In a nutshell, the operations manager has to keep an eye on every single step in the production process. They need access to reliable, accurate data to base decisions on real shop floor insights. This need is precisely what makes an OEE system hugely necessary for operations managers.

How can OEE software benefit operations managers?

An OEE system helps manufacturing teams monitor their production process, providing them with real-time data. The production team can, therefore, get an idea about the current problems, where they lose time (and money) and what the bottlenecks are. Moreover, it enables them to predict future issues and come up with solutions.

More time, more gain.

Considering the operations manager’s never-ending tasks, the first OEE software benefit is time management. OEE systems are practical and easy-to-use tools. They help to allow for more efficient use of time.

As operations managers are responsible for the whole production process  — pre-production, production, product quality control — what they need the most is real-time, accurate data to make the right decisions at every step of the process. By using an OEE system, they immediately have access to real-time data from their plants and machines, thus saving more time compared to manual OEE tracking. Using OEE system, they don’t have to rely on the paperwork provided by operators anymore or wait for the final reports to be on their desks —they have reliable yet straightforward OEE support.

OEE software is used to optimise the whole production process and to reduce production losses / Picture: Getty/iStock


Decisions based on facts, not guesses.

How long did the planned stops last? How many defects produced in the last shift? Why did the planned stops last longer than expected?

These are some of the questions that operations managers ask all the time. So, what they need to make reliable decisions to solve these issues is accurate data, so that they can turn these numbers into useful insights — numbers don’t lie.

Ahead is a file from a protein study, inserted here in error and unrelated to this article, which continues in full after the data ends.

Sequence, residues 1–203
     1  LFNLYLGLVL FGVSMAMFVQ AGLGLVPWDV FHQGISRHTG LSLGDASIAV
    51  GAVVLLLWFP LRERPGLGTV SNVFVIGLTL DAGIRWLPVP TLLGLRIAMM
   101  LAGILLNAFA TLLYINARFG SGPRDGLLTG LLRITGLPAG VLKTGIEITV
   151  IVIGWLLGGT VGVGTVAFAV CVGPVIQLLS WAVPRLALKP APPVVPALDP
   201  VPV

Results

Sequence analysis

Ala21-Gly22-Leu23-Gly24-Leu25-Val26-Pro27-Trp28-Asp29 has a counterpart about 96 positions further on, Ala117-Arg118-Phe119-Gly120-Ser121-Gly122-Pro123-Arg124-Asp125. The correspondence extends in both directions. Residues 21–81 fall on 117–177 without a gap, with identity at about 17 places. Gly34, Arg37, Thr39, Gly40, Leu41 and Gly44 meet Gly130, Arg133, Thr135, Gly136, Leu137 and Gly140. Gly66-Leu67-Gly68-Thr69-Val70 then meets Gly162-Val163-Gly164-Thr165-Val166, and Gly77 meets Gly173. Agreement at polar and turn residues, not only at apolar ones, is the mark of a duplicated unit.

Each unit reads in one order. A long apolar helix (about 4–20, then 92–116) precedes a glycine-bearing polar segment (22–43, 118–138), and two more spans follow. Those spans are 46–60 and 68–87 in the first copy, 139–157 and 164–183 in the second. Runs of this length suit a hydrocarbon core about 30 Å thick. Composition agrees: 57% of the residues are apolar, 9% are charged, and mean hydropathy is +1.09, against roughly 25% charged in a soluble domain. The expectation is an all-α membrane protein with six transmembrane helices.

The more operations managers evaluate and analyse data, the more they diagnose the problems and have an idea about the root causes behind all the issues. And finally, the results are more reliable decisions based on accurate data, driven from real shop floor insights.

Better management and coordination.

In manufacturing, the way employees operate defines the outcome of the whole process. Therefore, operations managers need to make sure shifts are coordinated efficiently and that the team of operators is performing at their best. In that sense, what helps them in coordination and management is the OEE system.

When used consistently, an OEE tool can provide operations managers with all the information regarding planned stops, which also consist of shifts and changeovers. So, they can have an idea about the performance of the operators; when and where the problems are occurring.

When is the most time lost? What are the root causes? How can changeover times be optimised? The answers to these questions lead operations managers to make decisions that help reduce the time lost and to come up with more efficient management ideas.

Reducing production losses.

Aside from their long list of tasks, operations managers aim for production output that aligns with their targets. During the production process, their priority is to diagnose the problems and develop solutions for maximised results. To achieve this, they have to optimise the whole production process — to reduce production losses.

OEE software acts as the best tool to monitor process performance, providing operations managers with information about production losses. Once they discover more about the bottlenecks and root causes, they can improve asset utilisation and develop solutions to maximise the performance of equipment.

By implementing OEE, operations managers can act proactively as well —they can much more easily anticipate events such as unplanned machine downtime or reduced production speed. Solving the technical issues becomes less of a burden as there is the opportunity to track the entire process from beginning to end. 

Competitive benchmarking

In manufacturing, everything needs to be measured and explained numerically so that companies can track their progress based on solid metrics. Furthermore, knowing all the numbers allows operations managers to better benchmark with competitors, providing the opportunity to make a more reliable comparison.

Which decisions resulted in increases in the OEE scores? What is the difference between last weeks and the current quality scores? What is the average OEE score set in our industry? 

The answers to these questions define the path to success for an organisation. They are exactly what OEE software provides operations managers with for better competitive benchmarking.

Operations managers are the heart of the shop floor, responsible for every single step in production. When they fully benefit from OEE software, they can solve and foresee issues, and maximise the outcome in the long-run.